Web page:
The first time we visited a black church, we stood out as a family. It was a small church and we were the only white people there that day. The woman welcoming everyone that morning said that she was glad to see the members and their families. Then she said that it seemed like there might be some brand new visitors that morning. She asked the visitors to stand up and introduce themselves. “Is she talking about us?” my son Caleb whispered to me. Yes, she clearly was.
I stood up and said, “My name is Anna McArthur and we’re visiting from Athens. I have with me today two of my four children: my son Caleb and my daughter Elizabeth. We’re honored to be here with you.” I sat down and the woman said, “Thank you. We welcome Elizabeth and her family today.”
My first thought was, “Oh, she misheard me and thought that my name was Elizabeth. She meant Anna’s family.” Elizabeth is, after all, a child. The only place I’m addressed by my child’s name is at school or some other “child centered” space. I couldn’t quite figure out what had just happened. I couldn’t figure out why I felt uncomfortable. It took a few moments for me to realize that this particular church was Elizabeth’s space. This woman knew why we were there in that black church: we were there for Elizabeth. It was like I was a blurry person in the background and Elizabeth was all that this woman could see. This was a new feeling for me.
Later, I called my brother Clay and told him about being welcomed as “Elizabeth’s family.” He loved the story. “Did you want them to thank you for being Elizabeth’s driver? How does it feel to not be the center of attention?” he asked.
I’ve had some time to think about why I was surprised by the introduction. I’ve wondered if this is about white privilege or about mom privilege. I’m pretty sure it is both. I feel pretty confident as a mom in general, but sometimes, as a white mom with black children, my role is confusing.
Over Christmas, we were visiting a friend’s church in Chicago. Katie was in a terrible mood after struggling with her sweater and socks. As we waited for our friends in the fellowship hall, Katie laid down on an upholstered bench along the side of the room. She had her feet on the floor, but she was slumped over in dramatic fashion. Since it was a downtown church, there was a security guard walking through the building, checking on things. This particular security guard was a black woman. She saw Katie lying down and stopped. She asked me if she was okay. I told her that Katie was mad at her sweater and that I was just waiting her out after a rough morning. The security guard leaned down and told Katie to sit up. Katie shot up. Then she told me that she tells her kids to not put their faces or heads in places where they don’t know what’s been there. While she indicated that this was a hygiene issue, it seemed to me that the bigger issue was that she wanted my child to sit up and act right. She wanted my black child to behave.
The customs might be different in Chicago, but my hunch is that she wouldn’t have said this to a white child. She was respectful of me as the mom by asking me first if my child was okay, but then she intervened; not interfered, but definitely intervened. She was a security officer, not the posture police. Nonetheless, Katie’s behavior was her business. She saw a black child not acting right and that was her business.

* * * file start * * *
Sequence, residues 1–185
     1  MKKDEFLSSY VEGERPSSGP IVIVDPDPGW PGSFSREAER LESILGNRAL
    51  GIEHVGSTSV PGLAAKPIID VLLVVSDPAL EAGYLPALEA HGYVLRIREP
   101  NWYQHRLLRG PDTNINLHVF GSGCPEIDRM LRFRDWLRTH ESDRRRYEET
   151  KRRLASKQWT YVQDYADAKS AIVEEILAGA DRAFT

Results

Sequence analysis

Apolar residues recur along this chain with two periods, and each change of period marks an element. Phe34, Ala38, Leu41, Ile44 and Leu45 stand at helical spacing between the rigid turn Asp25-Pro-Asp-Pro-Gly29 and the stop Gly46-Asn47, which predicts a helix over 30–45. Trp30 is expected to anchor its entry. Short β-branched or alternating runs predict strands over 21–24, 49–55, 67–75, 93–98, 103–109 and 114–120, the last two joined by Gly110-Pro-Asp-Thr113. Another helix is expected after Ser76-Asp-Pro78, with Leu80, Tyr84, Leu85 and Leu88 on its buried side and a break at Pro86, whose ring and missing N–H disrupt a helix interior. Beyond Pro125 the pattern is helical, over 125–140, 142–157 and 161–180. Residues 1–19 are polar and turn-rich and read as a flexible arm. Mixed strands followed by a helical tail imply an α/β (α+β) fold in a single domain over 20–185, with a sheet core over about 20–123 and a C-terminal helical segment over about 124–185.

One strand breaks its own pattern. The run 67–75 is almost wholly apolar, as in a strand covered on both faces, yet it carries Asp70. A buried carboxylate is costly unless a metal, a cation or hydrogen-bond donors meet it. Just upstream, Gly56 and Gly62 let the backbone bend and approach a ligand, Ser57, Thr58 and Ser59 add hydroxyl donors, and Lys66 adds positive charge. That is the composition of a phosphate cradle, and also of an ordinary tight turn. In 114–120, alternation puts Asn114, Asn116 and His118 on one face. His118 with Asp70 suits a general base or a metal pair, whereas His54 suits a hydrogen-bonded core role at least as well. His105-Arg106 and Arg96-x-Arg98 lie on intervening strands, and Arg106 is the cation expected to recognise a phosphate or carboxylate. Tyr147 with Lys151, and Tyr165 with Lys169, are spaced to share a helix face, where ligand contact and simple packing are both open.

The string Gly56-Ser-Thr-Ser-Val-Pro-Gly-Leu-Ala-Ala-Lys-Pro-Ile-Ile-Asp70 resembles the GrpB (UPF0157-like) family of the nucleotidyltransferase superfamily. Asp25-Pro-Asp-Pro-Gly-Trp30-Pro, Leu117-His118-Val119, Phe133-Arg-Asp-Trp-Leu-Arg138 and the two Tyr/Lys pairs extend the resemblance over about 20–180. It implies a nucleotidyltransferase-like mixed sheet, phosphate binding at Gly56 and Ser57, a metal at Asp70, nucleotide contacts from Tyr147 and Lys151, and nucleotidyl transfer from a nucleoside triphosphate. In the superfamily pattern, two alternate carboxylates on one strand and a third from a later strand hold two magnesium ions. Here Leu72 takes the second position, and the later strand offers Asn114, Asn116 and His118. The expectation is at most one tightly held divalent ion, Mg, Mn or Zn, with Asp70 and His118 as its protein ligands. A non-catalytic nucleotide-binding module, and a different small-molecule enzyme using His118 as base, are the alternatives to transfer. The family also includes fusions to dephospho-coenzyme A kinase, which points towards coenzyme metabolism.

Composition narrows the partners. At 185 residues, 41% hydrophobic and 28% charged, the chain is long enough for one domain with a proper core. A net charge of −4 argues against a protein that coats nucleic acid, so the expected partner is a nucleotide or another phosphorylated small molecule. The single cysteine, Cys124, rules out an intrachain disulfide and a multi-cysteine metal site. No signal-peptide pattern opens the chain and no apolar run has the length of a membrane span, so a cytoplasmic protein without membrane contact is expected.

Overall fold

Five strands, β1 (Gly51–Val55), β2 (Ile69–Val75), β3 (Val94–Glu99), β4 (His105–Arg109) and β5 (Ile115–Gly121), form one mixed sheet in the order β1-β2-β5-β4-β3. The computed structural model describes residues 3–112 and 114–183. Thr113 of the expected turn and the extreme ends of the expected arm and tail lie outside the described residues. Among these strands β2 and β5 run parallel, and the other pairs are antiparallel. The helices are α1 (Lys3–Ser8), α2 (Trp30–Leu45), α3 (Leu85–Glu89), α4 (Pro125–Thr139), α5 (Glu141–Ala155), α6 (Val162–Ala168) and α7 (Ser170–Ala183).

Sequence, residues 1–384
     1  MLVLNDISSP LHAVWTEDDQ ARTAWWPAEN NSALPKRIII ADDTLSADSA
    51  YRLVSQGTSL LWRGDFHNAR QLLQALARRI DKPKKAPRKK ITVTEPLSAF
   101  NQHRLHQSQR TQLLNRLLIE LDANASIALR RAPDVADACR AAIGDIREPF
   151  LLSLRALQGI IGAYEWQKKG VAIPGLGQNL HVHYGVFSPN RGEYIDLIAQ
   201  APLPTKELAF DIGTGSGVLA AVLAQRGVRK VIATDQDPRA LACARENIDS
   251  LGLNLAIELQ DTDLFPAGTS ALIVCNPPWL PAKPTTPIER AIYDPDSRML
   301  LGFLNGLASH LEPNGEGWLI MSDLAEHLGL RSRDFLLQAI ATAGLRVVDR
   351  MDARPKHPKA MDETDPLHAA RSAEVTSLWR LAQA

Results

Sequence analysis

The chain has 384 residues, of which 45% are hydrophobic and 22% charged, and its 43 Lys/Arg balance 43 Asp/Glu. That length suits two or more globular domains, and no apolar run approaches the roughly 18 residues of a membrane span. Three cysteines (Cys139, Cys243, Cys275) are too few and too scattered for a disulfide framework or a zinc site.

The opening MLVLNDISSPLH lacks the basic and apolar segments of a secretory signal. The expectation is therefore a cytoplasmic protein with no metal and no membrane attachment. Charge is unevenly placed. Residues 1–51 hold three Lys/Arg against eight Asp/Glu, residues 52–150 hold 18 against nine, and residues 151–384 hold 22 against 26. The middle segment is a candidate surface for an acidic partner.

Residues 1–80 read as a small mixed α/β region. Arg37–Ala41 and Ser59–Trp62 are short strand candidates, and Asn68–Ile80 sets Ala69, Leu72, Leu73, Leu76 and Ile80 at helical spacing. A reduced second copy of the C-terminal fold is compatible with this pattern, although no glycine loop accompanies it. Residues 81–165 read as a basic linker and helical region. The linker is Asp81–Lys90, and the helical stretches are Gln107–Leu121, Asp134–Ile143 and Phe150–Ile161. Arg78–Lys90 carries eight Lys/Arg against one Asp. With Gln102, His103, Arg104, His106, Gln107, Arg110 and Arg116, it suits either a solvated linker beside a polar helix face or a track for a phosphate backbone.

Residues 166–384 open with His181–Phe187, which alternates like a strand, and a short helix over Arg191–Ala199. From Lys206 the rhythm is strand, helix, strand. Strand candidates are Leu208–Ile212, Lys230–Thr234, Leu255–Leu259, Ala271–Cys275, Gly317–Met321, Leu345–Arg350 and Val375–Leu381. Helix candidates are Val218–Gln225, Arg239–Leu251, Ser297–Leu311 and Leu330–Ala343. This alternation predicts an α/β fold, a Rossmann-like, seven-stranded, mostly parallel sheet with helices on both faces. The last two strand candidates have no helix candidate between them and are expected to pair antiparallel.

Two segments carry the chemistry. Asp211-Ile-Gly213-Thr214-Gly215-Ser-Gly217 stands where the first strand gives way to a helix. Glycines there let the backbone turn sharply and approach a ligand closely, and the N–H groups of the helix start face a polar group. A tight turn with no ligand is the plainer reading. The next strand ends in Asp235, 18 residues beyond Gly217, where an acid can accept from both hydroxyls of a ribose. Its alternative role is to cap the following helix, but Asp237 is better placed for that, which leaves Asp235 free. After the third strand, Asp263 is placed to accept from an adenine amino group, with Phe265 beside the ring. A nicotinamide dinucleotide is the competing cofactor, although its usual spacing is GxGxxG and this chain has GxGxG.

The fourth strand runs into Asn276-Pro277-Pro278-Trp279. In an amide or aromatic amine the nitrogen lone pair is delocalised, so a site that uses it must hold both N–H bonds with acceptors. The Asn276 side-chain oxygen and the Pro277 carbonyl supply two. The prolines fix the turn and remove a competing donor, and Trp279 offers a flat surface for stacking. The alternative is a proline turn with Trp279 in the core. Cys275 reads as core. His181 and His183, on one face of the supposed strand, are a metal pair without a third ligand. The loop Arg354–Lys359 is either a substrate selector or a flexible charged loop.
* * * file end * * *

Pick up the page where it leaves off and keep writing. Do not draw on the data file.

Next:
This has happened before at the beauty shop and in stores and restaurants. This kind of assistance that I get from black women is reserved only for my black children. There seems to be an undertone of my not being strict enough. My friends found it very amusing that I put one of the twins in time out at the beauty shop. No one laughed or said a word, but the women who were there that day were looking at each other like, “Who’s going to tell her that time out isn’t going to work with that child?”
I have an African-American friend who told me once that she was worried that I was “too sweet” to raise the twins. I’m actually not very sweet. I know sweet: Elizabeth is sweet. I think what she meant was ”too white.” I’m white, Presbyterian and mild-mannered. I don’t yell and I expect my kids to do things when I ask them. Standing outside a restaurant, my friend showed me how she puts her finger up in her kids’ faces and lets them know that she means business. I burst out laughing, imagining what we must look like to people inside the restaurant. They must have wondered what I’d done to this woman to draw such scolding. They didn’t know that she was giving me advice on how to raise black girls.
The truth is that I don’t know what it is like to be a black woman in America. These women do. If these black women make sure Elizabeth is welcomed at church or make sure Katie acts right at church, they are caring for my children. They are seeing my kids in razor-sharp focus. My twins aren’t blurry to them.
The decision for these women to jump in with the twins seems to only take a few seconds. I don’t think they see a white mom with black kids; I think they see black kids first. I don’t doubt that they respect me as the twins’ mom, but I know sometimes I’m a blurry image behind the clarity that is my twins’ skin color.
This parenting assistance is an act of claiming. The twins are being enfolded into a culture. What is happening is bigger than me and it’s bigger than our family. I will always be the twins’ mom, but I need to remember that they belong to a larger community. I am humbled that these women have something to teach my girls that I can’t teach them.
When we were introduced at church as “Elizabeth’s family,” I looked over at Elizabeth and she
was sitting up straighter and taller. She grew inches after hearing her name. She was beaming. Elizabeth is one of four children and she’s a twin, so it’s rare that she is ever introduced alone. She felt honored and embraced. I need to rejoice when “Elizabeth’s family” is welcomed. I’m honored to be with her